Progress and the Irrepressible Conflict
The Kansas-Nebraska bill must be reckoned one of the most important measures ever passed by Congress. Designed by Stephen A. Douglas to organize a new territory in order to accommodate the rapid growth of the nation, it quickly became entangled in the sectional issue of slavery expansion. In the first draft of the bill, Douglas would place under one government all of the remaining territory in the Louisiana Purchase still without organization, namely, the area north of Oklahoma and west of Missouri, Iowa, and Minnesota. With regard to slavery, he offered a very ambiguous solution. While leaving untouched the old Missouri Compromise ban on slavery north of 36°30′, he also incorporated the doctrine of popular sovereignty which had been used in the Compromise of 1850. By the old law the central government had prohibited slavery in the territory; by the new principle the people in the territory would be free to make the decision for themselves. Any resulting conflict between the two rules for regulating slavery was to be resolved in the federal courts.1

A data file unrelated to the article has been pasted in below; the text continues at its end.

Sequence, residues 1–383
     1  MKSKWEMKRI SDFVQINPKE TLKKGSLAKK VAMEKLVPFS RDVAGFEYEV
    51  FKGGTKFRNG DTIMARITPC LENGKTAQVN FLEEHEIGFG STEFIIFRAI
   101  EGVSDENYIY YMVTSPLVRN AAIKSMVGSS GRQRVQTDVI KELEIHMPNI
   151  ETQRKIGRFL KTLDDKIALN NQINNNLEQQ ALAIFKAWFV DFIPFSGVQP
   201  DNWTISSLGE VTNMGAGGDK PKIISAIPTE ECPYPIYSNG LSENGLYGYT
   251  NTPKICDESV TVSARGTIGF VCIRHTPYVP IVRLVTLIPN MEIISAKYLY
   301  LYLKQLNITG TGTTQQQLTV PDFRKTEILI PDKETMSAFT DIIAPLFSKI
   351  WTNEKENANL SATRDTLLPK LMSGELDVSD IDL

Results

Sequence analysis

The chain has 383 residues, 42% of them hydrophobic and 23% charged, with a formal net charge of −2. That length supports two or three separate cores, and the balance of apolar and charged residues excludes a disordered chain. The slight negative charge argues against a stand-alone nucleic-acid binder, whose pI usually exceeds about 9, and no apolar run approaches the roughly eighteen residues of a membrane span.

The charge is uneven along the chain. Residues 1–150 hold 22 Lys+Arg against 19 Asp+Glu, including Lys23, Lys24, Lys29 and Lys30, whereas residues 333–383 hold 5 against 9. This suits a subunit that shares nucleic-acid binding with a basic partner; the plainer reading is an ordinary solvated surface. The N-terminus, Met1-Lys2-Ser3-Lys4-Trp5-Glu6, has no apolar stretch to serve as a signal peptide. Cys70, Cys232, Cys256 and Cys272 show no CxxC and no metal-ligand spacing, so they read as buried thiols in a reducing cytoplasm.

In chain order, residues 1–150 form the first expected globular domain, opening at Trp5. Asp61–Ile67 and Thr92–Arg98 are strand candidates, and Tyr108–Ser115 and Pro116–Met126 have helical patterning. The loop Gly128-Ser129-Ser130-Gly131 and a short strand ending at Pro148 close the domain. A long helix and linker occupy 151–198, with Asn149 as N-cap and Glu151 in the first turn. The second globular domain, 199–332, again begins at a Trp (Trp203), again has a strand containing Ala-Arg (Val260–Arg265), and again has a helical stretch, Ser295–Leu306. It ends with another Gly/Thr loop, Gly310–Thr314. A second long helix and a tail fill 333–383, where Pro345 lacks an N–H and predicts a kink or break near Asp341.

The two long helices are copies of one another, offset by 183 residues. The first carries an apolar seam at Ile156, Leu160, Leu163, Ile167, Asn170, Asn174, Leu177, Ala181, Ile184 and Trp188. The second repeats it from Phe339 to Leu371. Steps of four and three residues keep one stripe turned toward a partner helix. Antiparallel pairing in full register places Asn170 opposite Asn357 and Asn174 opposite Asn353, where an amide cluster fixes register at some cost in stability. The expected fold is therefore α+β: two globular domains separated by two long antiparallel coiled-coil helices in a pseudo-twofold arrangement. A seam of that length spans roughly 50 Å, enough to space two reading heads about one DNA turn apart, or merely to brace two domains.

But a new sectional crisis soon arose as the bill for organizing the territory assumed a different and far more significant form. Whig Senator Archibald Dixon of Kentucky demanded that the ambiguity in the first draft be
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Publication information: Book title: Space, Time, and Freedom:The Quest for Nationality and the Irrepressible Conflict, 1815-1861. Contributors: Major L. Wilson - Author. Publisher: Greenwood Press. Place of publication: Westport, CT. Publication year: 1974. Page number: 178.
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